- Marco Rubio: U.S. at social, moral crossroads
- ‘We’re coming for you, Barack Obama’: Top U.S. official discloses threat from ISIL
- White flags baffle NYPD: ‘We’re lucky it wasn’t a bomb’
- N.Y. Gov. Cuomo’s office interfered with, pressured corruption commission: report
- Brit lawmaker: I would fire on Israel if I lived in Gaza
- VA apologizes to forgotten Marine veteran locked in Fla. clinic, forced to call 911
- U.S. social and economic trends on worrisome track, survey finds
- McDonald nomination unanimously referred to full Senate
- Chuck Norris honorary chairman of NRA voter registration campaign
- GOP outraged Obamacare investigators able to get coverage with fake IDs
Official: No Marines in Libya at time of Benghazi attack
U.S. ambassador and three others killed by militants
Question of the Day
No U.S. Marines were in Libya when protesters stormed a diplomatic mission in the eastern city of Benghazi and killed the U.S. ambassador and three other Americans late Tuesday, a senior Obama administration official said Saturday.
The official’s comments were intended to correct previous statements by administration officials who said a small contingent of Marines was stationed at State Department facilities in the North African nation.
The U.S. diplomatic compound breached Tuesday by Libyan protesters in Benghazi had a relatively light security posture compared to diplomatic facilities in other conflict zones.
Marines are guarding diplomatic facilities in Egypt, Tunisia and Yemen, Defense Press Secretary George Little told reporters Thursday.
“The State Department has the lead for embassy security around the world. Naturally, if they ask for our advice in given situations, we’ll offer it up, no question about it,” Mr. Little said in response to a question about who plans security at embassies and diplomatic facilities.
Part of the reason Marines were not stationed at the Benghazi compound is that it is not an embassy or consulate, but a “diplomatic mission,” officials said.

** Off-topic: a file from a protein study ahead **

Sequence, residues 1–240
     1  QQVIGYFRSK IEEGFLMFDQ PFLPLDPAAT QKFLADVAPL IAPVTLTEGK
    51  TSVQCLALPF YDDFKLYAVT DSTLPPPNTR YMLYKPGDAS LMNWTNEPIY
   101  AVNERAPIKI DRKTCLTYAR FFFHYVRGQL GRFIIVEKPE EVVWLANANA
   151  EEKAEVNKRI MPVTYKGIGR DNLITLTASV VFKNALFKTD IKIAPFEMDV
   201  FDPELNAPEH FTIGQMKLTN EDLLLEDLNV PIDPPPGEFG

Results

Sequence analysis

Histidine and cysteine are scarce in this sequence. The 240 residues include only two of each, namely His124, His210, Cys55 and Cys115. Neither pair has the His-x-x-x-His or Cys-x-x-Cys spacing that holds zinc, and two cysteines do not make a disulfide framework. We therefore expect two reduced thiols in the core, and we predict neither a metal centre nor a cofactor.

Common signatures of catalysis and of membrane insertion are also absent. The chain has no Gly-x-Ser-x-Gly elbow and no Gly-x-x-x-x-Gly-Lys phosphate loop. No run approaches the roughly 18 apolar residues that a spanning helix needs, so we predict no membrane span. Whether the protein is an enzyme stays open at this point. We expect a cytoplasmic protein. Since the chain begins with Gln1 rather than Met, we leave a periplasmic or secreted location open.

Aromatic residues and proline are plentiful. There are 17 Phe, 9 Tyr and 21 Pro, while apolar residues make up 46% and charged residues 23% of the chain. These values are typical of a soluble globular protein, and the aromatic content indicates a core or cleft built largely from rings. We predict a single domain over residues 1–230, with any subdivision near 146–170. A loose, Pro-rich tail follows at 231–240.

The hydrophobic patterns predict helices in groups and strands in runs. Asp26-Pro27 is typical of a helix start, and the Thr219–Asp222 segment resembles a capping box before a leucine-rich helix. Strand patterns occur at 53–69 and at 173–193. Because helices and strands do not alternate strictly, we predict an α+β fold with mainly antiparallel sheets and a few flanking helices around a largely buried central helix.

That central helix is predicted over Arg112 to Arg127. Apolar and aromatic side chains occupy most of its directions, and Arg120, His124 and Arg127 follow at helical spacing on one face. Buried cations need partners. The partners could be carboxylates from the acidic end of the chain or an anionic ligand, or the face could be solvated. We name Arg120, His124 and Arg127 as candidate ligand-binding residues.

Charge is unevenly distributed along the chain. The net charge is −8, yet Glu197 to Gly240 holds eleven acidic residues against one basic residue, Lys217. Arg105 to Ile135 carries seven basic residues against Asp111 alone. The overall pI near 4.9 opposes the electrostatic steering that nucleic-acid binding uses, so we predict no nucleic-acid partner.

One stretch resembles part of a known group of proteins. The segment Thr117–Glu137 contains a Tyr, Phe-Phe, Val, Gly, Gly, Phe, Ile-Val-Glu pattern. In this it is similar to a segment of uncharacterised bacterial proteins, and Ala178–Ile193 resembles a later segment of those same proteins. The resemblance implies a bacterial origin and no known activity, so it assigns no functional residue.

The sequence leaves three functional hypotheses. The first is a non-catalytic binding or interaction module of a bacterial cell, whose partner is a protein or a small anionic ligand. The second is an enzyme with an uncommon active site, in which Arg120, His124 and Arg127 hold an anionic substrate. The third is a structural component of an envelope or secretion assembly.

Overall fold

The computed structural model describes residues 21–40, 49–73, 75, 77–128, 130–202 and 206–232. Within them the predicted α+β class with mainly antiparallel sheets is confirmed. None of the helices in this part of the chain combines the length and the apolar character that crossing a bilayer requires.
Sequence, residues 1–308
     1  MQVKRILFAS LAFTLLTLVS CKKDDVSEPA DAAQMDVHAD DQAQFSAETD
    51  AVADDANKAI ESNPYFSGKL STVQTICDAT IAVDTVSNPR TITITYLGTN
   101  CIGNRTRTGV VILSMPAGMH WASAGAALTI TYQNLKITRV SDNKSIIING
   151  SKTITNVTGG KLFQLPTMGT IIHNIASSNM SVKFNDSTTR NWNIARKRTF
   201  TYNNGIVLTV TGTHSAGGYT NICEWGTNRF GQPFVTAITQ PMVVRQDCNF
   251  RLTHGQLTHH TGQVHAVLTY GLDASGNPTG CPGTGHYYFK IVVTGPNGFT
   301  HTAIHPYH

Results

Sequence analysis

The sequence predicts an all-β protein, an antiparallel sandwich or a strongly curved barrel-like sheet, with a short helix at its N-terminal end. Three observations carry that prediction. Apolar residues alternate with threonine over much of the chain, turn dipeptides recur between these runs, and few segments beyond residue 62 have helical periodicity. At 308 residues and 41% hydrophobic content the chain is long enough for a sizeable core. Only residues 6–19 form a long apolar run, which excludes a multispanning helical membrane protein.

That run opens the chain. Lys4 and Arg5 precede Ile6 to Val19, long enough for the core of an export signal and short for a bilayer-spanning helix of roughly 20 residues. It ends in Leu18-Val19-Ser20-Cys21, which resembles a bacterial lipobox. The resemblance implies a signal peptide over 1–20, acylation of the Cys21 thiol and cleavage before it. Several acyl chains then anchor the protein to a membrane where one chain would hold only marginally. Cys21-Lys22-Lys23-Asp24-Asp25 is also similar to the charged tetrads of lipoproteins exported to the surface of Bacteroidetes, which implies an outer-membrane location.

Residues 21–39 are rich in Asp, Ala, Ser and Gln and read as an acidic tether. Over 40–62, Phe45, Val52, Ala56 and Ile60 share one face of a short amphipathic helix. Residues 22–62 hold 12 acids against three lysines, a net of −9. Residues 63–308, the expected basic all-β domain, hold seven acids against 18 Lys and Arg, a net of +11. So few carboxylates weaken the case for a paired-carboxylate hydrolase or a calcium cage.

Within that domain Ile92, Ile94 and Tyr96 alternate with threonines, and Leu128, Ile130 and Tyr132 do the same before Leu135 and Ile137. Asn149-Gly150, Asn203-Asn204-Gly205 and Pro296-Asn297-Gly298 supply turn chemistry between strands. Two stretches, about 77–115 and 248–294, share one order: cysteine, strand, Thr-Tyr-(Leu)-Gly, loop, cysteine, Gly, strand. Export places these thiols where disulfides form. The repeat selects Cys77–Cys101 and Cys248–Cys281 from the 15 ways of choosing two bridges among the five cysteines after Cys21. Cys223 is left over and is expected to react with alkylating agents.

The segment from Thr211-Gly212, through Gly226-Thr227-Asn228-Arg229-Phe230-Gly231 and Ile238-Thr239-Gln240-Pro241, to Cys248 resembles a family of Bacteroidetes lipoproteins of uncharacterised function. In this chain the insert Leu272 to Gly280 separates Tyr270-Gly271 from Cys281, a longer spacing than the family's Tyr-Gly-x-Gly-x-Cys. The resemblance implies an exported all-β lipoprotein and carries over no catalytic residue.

In some conflict zones, State Department officials work in buildings other than embassies or consulates in order to conduct “expeditionary diplomacy” — establishing an initial presence and building a relationship with locals, as in post-revolution Libya, officials said.
Senior administration officials described the facility in Benghazi as an “interim” one that the State Department had acquired before the fall of dictator Moammar Gadhafi, consisting of a main building and several ancillary buildings, as well as an annex farther away.
The Pentagon has deployed a 50-man Marine platoon to the Libyan capital of Tripoli to protect U.S. citizens and the embassy.
“If called upon, we would obviously provide support to our State Department colleagues to provide additional security at embassies,” Mr. Little said.
© Copyright 2014 The Washington Times, LLC. Click here for reprint permission.
About the Author
Kristina Wong is a national security reporter for The Washington Times, covering defense, foreign policy and intelligence affairs. She can be reached at email@example.com.
- Despite Pentagon cuts and eye on Pacific, Air Force implored to save the 'Warthog'
- Pentagon welcomes budget deal but says more defense spending needed
- Rep. Hunter to Pentagon: Don't lower combat standards for women
- Scientists raise alarm over plan to destroy Syria's chemical weapons at sea
- Hagel renews Qatar defense pact despite differences over Iran, Syria
TWT Video Picks
The subsidies are a hit with patients who don't exist
- CARSON: Costco and the perils of mixing politics and business
- Democratic Sen. John Walsh plagiarized War College master's thesis: report
- House task force to recommend National Guard on border, faster deportations
- Obama orders Pentagon advisers to Ukraine
- Netanyahu's Wikipedia page replaced with giant Palestinian flag
- 'We're coming for you, Barack Obama': Top U.S. official discloses threat from ISIL terrorists
- DEACE: How to go from civil rights icon to bigot in one quote
- Beretta moving to Tennessee over Maryland gun laws
- Two Ukrainian fighter jets shot down
- Latest Obama claim: I don't learn anything from the news
Obama's biggest White House 'fails'
Celebrities turned politicians
Athletes turned actors
20 gadgets that changed the world
Fighting in Iraq